- The art of civic engagement: Education is so much more than preparing for college or a career. It’s the chance for students to get out of themselves and into service, whether that be on campus, their home communities or the world at large. By learning about world issues, developing opinions and talking about those opinions, students learn to become engaged in civic and global issues.
- Students take ownership of learning & development: When young people discover and connect with their own reasons for learning, they become effective advocates for their own development. A cookie-cutter education has never sat well with our form of teaching. We prefer a program that highlights a student’s strengths and interests, which encourages a lifetime of learning.
- Holistic approach to grow: Education should not be limited to academic lessons. In other words, book-learning has its place, but we prefer a holistic, personal learning program that promotes intellectual growth by means of physical, mental, spiritual and social experiences.
- Develop trusting relationships: Young people must feel accepted before they can be encouraged to change and learn. It’s all about trust — between adults and fellow students. Once trust and acceptance are realized, there is no limit to attaining high expectations.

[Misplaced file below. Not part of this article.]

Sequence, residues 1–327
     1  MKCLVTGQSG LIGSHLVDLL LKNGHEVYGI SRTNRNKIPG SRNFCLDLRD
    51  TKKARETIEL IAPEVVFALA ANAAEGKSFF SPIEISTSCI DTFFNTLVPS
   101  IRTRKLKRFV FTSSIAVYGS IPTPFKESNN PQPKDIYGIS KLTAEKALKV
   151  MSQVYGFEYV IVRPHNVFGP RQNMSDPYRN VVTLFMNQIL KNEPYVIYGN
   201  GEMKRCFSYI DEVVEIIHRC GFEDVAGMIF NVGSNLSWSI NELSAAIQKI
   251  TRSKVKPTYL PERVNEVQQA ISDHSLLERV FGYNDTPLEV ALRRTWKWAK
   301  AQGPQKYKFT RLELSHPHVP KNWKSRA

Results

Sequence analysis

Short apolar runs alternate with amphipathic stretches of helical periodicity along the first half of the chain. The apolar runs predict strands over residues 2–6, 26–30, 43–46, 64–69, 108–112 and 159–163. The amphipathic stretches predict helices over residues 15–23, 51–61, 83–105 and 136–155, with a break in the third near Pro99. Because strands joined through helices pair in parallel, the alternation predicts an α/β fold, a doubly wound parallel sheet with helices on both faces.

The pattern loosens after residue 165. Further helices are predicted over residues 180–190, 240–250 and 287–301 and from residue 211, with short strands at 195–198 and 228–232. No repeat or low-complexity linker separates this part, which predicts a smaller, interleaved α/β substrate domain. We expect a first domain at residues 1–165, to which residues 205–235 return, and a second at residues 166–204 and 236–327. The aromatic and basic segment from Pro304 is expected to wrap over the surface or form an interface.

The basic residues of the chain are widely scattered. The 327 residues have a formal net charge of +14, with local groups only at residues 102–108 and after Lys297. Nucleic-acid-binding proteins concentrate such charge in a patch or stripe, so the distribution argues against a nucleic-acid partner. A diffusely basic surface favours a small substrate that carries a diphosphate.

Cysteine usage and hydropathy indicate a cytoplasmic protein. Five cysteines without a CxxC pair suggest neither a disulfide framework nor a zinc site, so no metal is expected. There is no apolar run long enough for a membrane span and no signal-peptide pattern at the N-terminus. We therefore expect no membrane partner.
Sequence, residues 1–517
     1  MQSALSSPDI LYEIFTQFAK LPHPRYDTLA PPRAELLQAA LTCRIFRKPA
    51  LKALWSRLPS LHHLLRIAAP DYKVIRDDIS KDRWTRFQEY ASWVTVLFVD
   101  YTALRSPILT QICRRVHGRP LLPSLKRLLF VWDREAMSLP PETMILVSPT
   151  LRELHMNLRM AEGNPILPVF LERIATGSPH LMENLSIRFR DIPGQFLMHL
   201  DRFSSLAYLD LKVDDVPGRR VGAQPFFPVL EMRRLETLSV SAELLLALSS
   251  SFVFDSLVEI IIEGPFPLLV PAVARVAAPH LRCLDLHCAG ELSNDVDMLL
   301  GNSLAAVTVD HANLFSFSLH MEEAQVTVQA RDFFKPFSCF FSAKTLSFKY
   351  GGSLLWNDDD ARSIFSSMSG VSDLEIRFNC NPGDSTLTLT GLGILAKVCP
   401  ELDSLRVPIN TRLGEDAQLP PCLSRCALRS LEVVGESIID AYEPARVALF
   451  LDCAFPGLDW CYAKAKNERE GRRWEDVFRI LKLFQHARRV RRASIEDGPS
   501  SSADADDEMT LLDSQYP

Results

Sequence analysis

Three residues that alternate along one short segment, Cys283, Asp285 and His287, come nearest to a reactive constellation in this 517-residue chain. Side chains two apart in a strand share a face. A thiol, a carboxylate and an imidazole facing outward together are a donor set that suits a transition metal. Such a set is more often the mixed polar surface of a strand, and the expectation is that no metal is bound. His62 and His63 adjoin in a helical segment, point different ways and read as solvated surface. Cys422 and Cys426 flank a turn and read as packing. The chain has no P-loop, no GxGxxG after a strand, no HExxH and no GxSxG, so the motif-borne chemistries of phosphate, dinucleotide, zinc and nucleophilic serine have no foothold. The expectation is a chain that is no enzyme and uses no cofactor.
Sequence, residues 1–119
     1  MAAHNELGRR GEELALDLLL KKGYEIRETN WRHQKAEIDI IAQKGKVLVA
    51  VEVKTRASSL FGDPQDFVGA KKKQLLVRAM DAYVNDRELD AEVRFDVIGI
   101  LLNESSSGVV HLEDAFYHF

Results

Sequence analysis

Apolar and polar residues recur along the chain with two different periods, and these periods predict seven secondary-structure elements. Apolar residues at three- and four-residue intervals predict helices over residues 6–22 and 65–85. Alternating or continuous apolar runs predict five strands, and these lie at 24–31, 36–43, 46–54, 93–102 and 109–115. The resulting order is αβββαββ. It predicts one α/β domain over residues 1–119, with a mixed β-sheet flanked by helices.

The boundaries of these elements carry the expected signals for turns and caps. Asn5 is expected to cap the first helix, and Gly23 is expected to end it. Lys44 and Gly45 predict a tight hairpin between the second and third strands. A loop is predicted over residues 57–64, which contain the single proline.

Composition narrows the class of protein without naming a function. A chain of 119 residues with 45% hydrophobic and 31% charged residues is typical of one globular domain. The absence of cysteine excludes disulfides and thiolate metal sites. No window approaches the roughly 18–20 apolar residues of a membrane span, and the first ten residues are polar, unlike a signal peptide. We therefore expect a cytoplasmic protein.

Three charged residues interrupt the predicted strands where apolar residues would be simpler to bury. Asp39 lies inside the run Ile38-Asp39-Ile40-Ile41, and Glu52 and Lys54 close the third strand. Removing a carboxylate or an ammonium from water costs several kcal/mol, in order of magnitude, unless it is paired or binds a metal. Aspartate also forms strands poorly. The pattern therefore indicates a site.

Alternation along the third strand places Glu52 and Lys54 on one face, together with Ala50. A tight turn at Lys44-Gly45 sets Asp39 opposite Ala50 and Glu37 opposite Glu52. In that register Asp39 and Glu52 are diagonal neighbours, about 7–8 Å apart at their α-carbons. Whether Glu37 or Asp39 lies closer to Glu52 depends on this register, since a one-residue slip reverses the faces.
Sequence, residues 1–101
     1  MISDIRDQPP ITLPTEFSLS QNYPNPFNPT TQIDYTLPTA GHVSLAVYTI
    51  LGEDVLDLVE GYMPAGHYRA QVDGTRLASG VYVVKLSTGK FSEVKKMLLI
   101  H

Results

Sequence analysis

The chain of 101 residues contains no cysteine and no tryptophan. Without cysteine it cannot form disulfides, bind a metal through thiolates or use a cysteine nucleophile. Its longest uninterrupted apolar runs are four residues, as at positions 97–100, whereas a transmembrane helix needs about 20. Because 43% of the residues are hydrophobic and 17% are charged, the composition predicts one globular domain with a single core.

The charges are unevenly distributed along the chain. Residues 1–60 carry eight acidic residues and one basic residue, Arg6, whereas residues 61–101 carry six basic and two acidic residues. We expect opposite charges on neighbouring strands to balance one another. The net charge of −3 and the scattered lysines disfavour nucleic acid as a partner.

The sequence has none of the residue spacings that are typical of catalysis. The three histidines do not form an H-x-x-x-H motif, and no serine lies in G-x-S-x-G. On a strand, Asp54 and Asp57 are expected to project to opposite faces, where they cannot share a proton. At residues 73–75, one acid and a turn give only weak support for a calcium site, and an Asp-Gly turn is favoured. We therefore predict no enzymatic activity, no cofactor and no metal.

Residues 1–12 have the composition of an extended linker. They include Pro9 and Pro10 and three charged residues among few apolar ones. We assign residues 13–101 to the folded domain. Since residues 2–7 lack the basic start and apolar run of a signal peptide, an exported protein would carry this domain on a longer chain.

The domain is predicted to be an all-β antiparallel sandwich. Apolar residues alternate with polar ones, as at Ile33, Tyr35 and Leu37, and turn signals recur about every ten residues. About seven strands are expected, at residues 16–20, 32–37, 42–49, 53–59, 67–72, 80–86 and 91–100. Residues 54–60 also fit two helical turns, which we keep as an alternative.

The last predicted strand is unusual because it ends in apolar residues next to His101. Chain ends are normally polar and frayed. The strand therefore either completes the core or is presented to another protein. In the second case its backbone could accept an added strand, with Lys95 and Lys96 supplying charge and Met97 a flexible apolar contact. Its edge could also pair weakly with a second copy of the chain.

- Embrace differences in people and in thought: Our success as a human race depends on our ability to accept — and embrace — cultural differences, whether those distinctions be color, ethnic background, religion, gender or sexual identity. And it doesn’t hurt at all for our students to openly consider a range of ideas and beliefs that might differ from their own.
- Sense of community: The importance of shared values of the school community is critical to learning and growth. It is through a strong sense of community on campus among students and teachers that creates a safe environment that can’t help but lead to learning.
- The voice of the student has value in teacher development: Education is a two-way street with everyone participating as a learner. The leadership of students can advance professional development and establish educators as teachers — and learners — for new generations of students.